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CLIA (Clinical Laboratory Improvement Amendments) - Federal Regulation

The Clinical Laboratory Improvement Amendments (CLIA) has established quality standards for all laboratory testing to ensure the accuracy, reliability and timeliness of patient test results regardless of where the test is performed. Under CLIA, a laboratory is defined as a facility that performs testing on human specimens for the purpose of providing information for diagnosis, prevention, treatment of disease or health assessment. Facilities, including physician office practices, that meet this definition must apply and obtain a certificate from the CLIA program to operate legally.

The CLIA regulations place tests in three categories based on the complexity of each test. The more complicated the test, the more stringent the applicable federal requirements. The categories are as follows:

Waived Tests

These laboratory tests are so simple and accurate that the likelihood of erroneous results is negligible and they pose no reasonable risk of harm to the patient if performed incorrectly. The law specifies that waived tests are exempt from the CLIA health and safety standards, including personnel, patient test management, quality control, proficiency testing, quality assurance and routine inspection requirements. Office practices or facilities performing waived tests must enroll in the CLIA program and obtain a Certificate of Waiver (COW). A COW is required regardless of the number of tests that are performed even if the patient, Medicare or other insurances are not charged or billed. Manufacturers' instructions for the waived tests must be followed. Laboratories with COWs will not be inspected routinely; however, they may be inspected as part of complaint investigations and on a random basis to determine whether only the waived tests are being performed. A full listing of waived tests can be found at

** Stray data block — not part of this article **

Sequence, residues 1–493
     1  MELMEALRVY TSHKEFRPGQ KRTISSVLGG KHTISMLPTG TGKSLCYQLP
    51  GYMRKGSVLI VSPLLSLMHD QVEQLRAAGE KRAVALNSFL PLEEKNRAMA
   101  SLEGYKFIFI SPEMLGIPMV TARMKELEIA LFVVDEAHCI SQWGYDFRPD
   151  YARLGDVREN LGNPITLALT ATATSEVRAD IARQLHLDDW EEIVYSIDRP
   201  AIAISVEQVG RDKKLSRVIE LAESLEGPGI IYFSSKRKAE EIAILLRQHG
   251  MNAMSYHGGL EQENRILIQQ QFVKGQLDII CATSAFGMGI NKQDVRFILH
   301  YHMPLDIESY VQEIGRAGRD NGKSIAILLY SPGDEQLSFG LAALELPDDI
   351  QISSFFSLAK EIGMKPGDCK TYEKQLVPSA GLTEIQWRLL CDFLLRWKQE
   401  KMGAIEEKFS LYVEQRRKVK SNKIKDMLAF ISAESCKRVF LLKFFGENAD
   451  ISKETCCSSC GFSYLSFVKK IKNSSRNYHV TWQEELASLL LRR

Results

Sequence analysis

Practices performing waived tests should have a policy and process in place for quality control testing. At a minimum, quality controls should be performed with each new shipment of kits/reagents, a change in lot numbers and each new operator. Quality control results should be tracked and action should be taken when controls give unexpected results. Actions taken as a result of unexpected results should be documented.

Moderate Complexity Tests

These tests are more complex than waived tests and much of the testing performed in clinical laboratories falls into this category. There are requirements for quality control, quality assurance, proficiency testing and limited personnel requirements. A laboratory performing this level of testing is subject to biennial surveys by the Center for Medicare and Medicaid Services (CMS) or a CMS agent. Examples of moderate complexity tests are microscopic analysis of urinary sediment, some direct antigen strep A tests, cervical and urethral Gram stains and some hematology and chemistry tests.